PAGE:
Author: James Treadwell
Format: Uncorrected Paperback
Expected release date: July 3rd 2012 (first published February 2nd 2012)
Publisher: Hodder & Stoughton
Sent to me free of charge by Hodder & Stoughton, in exchange for an honest review.
Taken from Goodreads
For centuries it has been locked away Lost beneath the sea Warded from earth, air, water, fire, spirits, thought and sight. But now magic is rising to the world once more. And a boy called Gavin, who thinks only that he is a city kid with parents who hate him, and knows only that he sees things no one else will believe, is boarding a train, alone, to Cornwall. When he arrives, there is no one there to meet him.
I love mythology. I've always enjoyed reading about the myths and legends of various different cultures and Treadwell blends bits and pieces of some of my favourites up in a blender and laces Advent with them. I also love poetic prose. I like narratives to weave and wander. It's one of the reasons I love Tolkien or the meandering narrative of Susanna Clarke. Given my liking of these things, I feel Advent should have sat quite nicely with my tastes... and yet I can't quite say that it did.
Even though the book has quite a lot going for it, the main reason it isn't sitting pretty with might not even be Treadwell's fault. When I put the book down, my first thought was of the his editor, whoever that may have been. I couldn't help but wonder why this 448 page book was allowed to stay 448 pages long when, frankly, a solid half of those pages were unnecessary.
Treadwell's prose is quite often pretty, but equally as often it's pretty pointless. Let's see if I can find you an example or two...
1. "Everywhere else she had shown him, there really hadn't been much to see, in the literal sense. The house long predated the Age of Stuff; it was spare, rich only in emptiness."
Preceding this, there are several pages of dense descriptive prose which details every inch of Pendurra, the house that Gavin (our protagonist) is being shown around. It's irritating to slog through all of that, to have the author show you all of that, and then turn and say that none of it was really noteworthy!
Besides it being contradictory to the rest of the prose, look at the structure of those two sentences. This repetitive style, the subordinate clauses and, sigh, the semicolons are indicative of many passages of the book. Don't get me wrong, the imagery is nice and all, but when every sentence is that dense, every description that repetitive... it's tiring. While I was reading it I got the sense that Treadwell's editor hadn't ever imparted Arthur Quiller-Couch's sage advice that sometimes, even when you've written the most beautifully artistic prose, if it's repetitive or redundant, you must "murder your darlings".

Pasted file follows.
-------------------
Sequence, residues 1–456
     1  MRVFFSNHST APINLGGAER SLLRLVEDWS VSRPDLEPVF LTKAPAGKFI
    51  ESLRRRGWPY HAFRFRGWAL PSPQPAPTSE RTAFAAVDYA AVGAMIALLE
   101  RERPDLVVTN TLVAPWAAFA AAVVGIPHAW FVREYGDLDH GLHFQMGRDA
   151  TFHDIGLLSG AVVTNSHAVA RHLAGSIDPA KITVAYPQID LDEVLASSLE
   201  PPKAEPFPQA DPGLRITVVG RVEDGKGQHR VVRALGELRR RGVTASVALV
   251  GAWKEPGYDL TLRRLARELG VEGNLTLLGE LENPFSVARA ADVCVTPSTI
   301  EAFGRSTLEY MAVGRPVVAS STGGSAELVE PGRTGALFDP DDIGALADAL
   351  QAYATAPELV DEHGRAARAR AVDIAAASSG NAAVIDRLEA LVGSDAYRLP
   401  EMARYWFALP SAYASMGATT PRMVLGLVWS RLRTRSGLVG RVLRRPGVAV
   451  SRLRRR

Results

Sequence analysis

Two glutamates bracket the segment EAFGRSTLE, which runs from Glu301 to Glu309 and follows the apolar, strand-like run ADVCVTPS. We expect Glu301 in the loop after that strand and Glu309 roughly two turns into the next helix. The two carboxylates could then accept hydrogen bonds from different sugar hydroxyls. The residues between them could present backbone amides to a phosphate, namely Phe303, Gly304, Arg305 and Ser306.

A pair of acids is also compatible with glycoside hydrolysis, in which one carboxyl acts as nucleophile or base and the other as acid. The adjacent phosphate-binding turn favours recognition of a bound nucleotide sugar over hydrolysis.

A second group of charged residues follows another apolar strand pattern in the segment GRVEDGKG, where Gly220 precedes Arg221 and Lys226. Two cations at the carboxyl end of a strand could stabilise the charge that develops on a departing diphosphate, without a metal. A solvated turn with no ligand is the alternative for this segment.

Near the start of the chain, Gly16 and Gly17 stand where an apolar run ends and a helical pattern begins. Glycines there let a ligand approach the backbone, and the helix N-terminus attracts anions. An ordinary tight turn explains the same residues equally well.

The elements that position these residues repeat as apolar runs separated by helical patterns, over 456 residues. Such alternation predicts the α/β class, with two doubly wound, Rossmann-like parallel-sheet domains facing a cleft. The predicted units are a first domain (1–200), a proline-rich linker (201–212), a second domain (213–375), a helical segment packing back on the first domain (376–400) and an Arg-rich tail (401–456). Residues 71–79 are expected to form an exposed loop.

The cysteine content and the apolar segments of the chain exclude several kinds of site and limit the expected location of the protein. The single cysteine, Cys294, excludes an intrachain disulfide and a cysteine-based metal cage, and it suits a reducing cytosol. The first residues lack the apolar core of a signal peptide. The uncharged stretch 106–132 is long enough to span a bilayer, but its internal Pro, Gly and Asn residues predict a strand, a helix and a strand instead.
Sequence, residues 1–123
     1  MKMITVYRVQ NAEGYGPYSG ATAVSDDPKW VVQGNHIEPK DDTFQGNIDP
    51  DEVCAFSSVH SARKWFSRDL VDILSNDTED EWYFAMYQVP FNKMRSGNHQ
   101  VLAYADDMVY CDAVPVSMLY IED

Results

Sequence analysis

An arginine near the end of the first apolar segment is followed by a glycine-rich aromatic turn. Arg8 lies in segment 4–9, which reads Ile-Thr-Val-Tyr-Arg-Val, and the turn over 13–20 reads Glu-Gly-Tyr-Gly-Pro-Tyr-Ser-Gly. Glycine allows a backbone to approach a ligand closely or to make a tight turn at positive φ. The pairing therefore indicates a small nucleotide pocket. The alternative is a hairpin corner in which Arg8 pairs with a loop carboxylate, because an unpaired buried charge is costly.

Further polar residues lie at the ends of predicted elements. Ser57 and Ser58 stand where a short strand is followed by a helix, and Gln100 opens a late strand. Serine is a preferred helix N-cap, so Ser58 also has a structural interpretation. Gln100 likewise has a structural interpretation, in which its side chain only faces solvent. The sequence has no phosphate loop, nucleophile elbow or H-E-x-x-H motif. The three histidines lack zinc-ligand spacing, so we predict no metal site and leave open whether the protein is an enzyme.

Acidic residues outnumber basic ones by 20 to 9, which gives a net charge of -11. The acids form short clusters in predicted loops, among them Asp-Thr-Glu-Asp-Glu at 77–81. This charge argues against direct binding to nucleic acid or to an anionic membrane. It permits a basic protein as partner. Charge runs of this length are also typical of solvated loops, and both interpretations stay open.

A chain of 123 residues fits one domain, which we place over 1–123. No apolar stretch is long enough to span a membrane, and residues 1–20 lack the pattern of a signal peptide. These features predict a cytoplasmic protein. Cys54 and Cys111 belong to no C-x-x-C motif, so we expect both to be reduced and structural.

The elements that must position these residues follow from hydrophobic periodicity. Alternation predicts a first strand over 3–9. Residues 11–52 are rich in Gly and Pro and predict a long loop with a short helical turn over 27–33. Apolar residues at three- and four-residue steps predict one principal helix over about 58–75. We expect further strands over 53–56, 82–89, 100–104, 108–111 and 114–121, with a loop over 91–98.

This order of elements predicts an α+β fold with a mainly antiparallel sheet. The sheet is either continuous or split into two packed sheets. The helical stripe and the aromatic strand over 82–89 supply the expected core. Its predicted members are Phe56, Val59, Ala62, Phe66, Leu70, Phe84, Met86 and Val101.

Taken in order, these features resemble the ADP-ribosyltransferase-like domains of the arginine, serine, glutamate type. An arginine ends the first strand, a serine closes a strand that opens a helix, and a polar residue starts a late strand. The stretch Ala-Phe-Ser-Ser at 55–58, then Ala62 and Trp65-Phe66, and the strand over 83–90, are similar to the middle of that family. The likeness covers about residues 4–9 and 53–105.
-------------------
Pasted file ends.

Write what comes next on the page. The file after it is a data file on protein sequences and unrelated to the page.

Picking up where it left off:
2. Here's another example. This one was too damn long to type.
The first sentence, "It was always quiet" tells you all you need to know, really. But it seems that if it's worth being said, it's worth being said with a flourish. The rest of the paragraph is nice, but is it necessary? It's only my opinion, but hey, that's what you're here for! (Note also the Yoda-structure of the first sentence of the next paragraph. Irksome, it becomes).
I had a third example lined up but then realised that then I might become repetitive too!
Now, I'm not going to argue that much of Treadwell's writing is actually quite lovely. In places it's almost poetry. Unfortunately, somewhere within these lovely sentences and long, artsy paragraphs, the story got lost. At the beginning of the book I quite liked Gavin...even though he was called "Gavin". I sympathised with his situation and was curious to know more about the mysterious things he could see but nobody else could. I was curious about the missing aunt. I was curious about Marina, the strange girl of Pendurra who had never heard swear words before.
I was less curious about Johannes Faust. His narrative was told in reverse chronological order and, honestly, it was boring. I felt I was having to wait long enough for action to occur in the main narrative, without these tedious intermissions. Maybe it was because they were set in 1537... I've never been one for historical fiction...
Unfortunately, my curiosity fizzled out well before the narrative started to get going on roughly page 150. I slogged through it, but this was a book I was kind of relieved to close. All I can say at the end of it is that I can see James Treadwell is a very educated man who can write. That's what will stick with me. Not the prose. Not the characters. Not the re-imagined mythological figures. If he (or his editor) could have sliced and diced this 448 page whopper, then I think there might have been a good and gripping story within those pages.
I hate saying bad things about free books. Hell, I hate saying bad things about any books! This one might sit better with someone more concerned with the art of pretty prose than with story. Unfortunately, I'm not that person.
[And I feel I'm being generous...]